Offshore, estuaries star
  |  First Published: July 2011

Now for those mornings when the cold cuts right through you and you can sometimes see only 100m in front of you as the fog sits right on the water.

Winter has hit with a vengeance on the Hunter Coast this year and the thermometer has rarely passed 10° through the nights and early mornings. It’s been snowing on the Barrington Tops and we have had some of the coldest mornings recorded for 45 years.

So when you mention fishing to a mate you nearly have to twist his arm or blackmail him to join you.

All is not lost, though. Despite the cold the fishing has been pretty good offshore and in the estuaries.

Bream still seem to be the most prolific fish around and the luderick have moved into the estuaries. And over most reefs off Newcastle there are snapper, tailor, kingfish and nannygai.

Most anglers know that this is the time of year you can get into some heavy-duty action with two of the toughest fish in the sea – drummer and groper.

Both are at home around the rocky ledges and are easy to find and hook up to – it’s landing them that’s the hard bit. You need solid gear, heavy line and a good rod to handle these brutes.

Fresh red crabs are a must for the groper and fresh prawns for the drummer.

A few loaves of bread for berley, just a bit of swell to make a washy, sudsy area and you are in with a chance.

Both these fish hang right in close to the rocks and can be right under your feet.

I won’t use anything else for these fish but an Alvey reel, the perfect tool for hand-to-fin combat. The Alvey is great because you can palm the spool and put as much pressure on as you need.

Mono line around 15kg or braid around 24kg is the go. Schneider is still the yardstick for mono line off the rocks because it will take abrasion over the rocks very well.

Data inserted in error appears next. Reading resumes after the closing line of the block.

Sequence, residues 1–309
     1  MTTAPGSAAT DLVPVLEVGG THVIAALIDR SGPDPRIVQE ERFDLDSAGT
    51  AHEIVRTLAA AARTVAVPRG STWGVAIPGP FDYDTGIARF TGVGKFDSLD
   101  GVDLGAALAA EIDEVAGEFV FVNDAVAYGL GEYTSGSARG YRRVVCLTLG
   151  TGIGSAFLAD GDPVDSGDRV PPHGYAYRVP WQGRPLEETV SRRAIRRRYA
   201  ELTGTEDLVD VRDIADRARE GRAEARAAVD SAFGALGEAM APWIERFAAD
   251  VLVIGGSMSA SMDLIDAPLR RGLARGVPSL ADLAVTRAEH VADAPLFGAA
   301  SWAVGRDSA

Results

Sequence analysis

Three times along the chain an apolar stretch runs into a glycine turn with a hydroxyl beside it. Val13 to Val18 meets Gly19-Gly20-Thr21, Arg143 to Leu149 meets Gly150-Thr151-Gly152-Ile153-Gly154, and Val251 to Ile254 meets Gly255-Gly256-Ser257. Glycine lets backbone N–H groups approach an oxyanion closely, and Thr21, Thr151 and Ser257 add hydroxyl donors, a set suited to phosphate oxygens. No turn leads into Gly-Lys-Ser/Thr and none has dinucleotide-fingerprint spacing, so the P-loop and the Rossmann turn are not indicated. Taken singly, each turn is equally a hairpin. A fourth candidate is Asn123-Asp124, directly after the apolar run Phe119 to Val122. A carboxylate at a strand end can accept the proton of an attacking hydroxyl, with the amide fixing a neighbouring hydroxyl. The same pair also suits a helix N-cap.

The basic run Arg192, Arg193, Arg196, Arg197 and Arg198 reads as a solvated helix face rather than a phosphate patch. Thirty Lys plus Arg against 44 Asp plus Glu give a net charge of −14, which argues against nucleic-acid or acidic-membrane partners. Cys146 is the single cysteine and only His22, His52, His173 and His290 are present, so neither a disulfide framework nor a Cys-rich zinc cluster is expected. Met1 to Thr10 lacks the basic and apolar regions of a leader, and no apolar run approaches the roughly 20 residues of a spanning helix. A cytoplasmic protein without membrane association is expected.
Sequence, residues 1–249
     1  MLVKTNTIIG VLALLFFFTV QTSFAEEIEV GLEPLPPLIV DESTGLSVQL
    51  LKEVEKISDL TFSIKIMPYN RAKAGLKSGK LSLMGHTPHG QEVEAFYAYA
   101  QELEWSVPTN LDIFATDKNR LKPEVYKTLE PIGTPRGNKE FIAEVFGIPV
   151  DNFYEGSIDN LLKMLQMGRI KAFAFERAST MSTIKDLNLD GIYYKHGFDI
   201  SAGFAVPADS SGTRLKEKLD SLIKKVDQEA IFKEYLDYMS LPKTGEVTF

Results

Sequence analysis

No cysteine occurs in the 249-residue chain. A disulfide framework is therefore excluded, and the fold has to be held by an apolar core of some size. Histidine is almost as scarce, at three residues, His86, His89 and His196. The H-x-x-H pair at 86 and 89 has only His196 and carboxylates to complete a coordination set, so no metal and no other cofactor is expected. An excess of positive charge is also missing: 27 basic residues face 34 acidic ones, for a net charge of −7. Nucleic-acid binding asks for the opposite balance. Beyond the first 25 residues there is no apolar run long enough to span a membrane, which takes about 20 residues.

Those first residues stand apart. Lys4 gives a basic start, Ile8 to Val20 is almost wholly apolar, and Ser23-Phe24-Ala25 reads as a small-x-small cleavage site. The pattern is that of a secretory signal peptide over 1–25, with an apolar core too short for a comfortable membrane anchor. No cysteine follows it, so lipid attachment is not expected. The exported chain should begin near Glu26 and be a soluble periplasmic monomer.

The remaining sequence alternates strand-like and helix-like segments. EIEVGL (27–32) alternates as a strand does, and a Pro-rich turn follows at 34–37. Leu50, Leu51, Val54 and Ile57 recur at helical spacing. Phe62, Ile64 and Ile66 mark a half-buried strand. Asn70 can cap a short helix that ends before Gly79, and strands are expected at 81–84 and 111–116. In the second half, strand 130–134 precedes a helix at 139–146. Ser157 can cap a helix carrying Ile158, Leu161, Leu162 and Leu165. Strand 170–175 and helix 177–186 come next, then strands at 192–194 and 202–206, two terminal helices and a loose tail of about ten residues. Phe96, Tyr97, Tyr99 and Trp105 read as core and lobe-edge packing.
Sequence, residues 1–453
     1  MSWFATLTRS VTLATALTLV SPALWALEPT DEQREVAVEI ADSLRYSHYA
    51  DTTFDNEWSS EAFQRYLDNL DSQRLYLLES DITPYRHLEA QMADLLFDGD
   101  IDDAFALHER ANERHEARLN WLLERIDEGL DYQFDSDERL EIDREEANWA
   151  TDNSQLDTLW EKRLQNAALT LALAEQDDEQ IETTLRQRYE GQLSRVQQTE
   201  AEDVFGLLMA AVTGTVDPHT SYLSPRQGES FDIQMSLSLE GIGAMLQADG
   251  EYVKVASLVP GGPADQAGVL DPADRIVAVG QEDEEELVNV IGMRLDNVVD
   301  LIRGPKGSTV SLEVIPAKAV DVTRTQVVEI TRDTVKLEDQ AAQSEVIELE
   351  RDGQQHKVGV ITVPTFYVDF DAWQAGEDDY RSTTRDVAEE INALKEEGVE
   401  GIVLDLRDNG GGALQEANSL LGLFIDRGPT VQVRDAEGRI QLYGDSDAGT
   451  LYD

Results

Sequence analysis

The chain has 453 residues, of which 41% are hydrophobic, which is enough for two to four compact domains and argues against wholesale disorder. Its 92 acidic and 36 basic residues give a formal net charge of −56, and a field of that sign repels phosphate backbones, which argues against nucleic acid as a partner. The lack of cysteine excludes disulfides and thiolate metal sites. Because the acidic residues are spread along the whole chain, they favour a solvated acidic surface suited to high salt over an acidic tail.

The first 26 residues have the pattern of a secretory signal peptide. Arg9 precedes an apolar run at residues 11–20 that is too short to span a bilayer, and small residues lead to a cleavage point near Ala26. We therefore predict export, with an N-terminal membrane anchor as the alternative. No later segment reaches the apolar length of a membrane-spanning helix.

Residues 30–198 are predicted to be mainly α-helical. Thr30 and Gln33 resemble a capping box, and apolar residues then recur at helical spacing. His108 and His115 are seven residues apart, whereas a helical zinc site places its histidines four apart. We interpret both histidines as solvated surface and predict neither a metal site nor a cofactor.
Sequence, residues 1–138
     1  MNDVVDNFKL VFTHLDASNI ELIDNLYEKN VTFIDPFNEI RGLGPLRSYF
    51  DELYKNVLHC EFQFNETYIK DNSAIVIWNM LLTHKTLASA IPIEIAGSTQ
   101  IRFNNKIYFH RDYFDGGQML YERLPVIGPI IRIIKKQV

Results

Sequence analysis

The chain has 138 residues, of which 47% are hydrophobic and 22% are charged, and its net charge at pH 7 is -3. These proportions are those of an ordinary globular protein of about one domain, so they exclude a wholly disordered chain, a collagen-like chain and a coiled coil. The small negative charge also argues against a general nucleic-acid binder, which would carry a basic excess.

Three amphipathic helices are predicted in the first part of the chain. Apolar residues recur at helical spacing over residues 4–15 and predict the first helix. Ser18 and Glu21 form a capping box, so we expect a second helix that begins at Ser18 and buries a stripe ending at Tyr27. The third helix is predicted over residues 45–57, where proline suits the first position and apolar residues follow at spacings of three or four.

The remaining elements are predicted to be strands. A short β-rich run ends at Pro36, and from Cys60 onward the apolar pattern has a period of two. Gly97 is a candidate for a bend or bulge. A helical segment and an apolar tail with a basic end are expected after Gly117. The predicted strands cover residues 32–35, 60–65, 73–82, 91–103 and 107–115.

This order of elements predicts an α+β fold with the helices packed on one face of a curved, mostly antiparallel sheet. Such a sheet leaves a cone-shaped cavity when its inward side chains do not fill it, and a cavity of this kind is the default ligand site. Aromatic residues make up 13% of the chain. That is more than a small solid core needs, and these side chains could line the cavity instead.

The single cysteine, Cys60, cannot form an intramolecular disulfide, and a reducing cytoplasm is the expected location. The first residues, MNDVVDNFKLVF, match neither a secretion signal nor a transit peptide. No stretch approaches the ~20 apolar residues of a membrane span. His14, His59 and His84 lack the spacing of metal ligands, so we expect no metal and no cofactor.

A small pea sinker, the smaller the better, allows the bait to wash in the waves and look as natural as possible.

You need to keep in contact with your bait as it washes around and you have to be lightning fast on the uptake because both these fish will bury you in a second.

After the hook-up, just pull hard and hope that the fish doesn’t bury you in the kelp or the rocks.

Cod, leatherjackets and a lot of the wrasse family also love the rocky, washy areas as well so expect a few of these between the good fish.


The estuaries have been fishing OK but it’s been a lucky dip. One day it’s great then the next nothing is biting.

The fluctuating barometer and the dramatic cold changes don’t help much.

I was told that garfish were in close in huge schools just off Horseshoe Beach and in front of the Lions Park at Stockton. They’re great fun to catch on light line and a float and are great on the plate.

Nobbys and Stockton walls have been fishing well bream, long tom, and a few flounder over the sand patches and there is always a chance of good squire off the walls at this time of year.

Tailor are swimming the lengths of both walls, just look out for the diving gulls and terns. Chrome lures are great for the choppers because you can get the distance you need to reach them.

I have been told by a lot of anglers that squid are so thick everywhere that if you can’t catch one you should give up fishing. The run-out tide at Nobbys is best.

If you’re over the close reefs, drop a jig over the side and let it bob up and down by itself; you can usually get a few this way.

I see most anglers are now wearing their lifejackets to comply with the law that came into effect a while back. The rules can be found in the new Maritime booklet which will be posted when your licence or boat registration is due.

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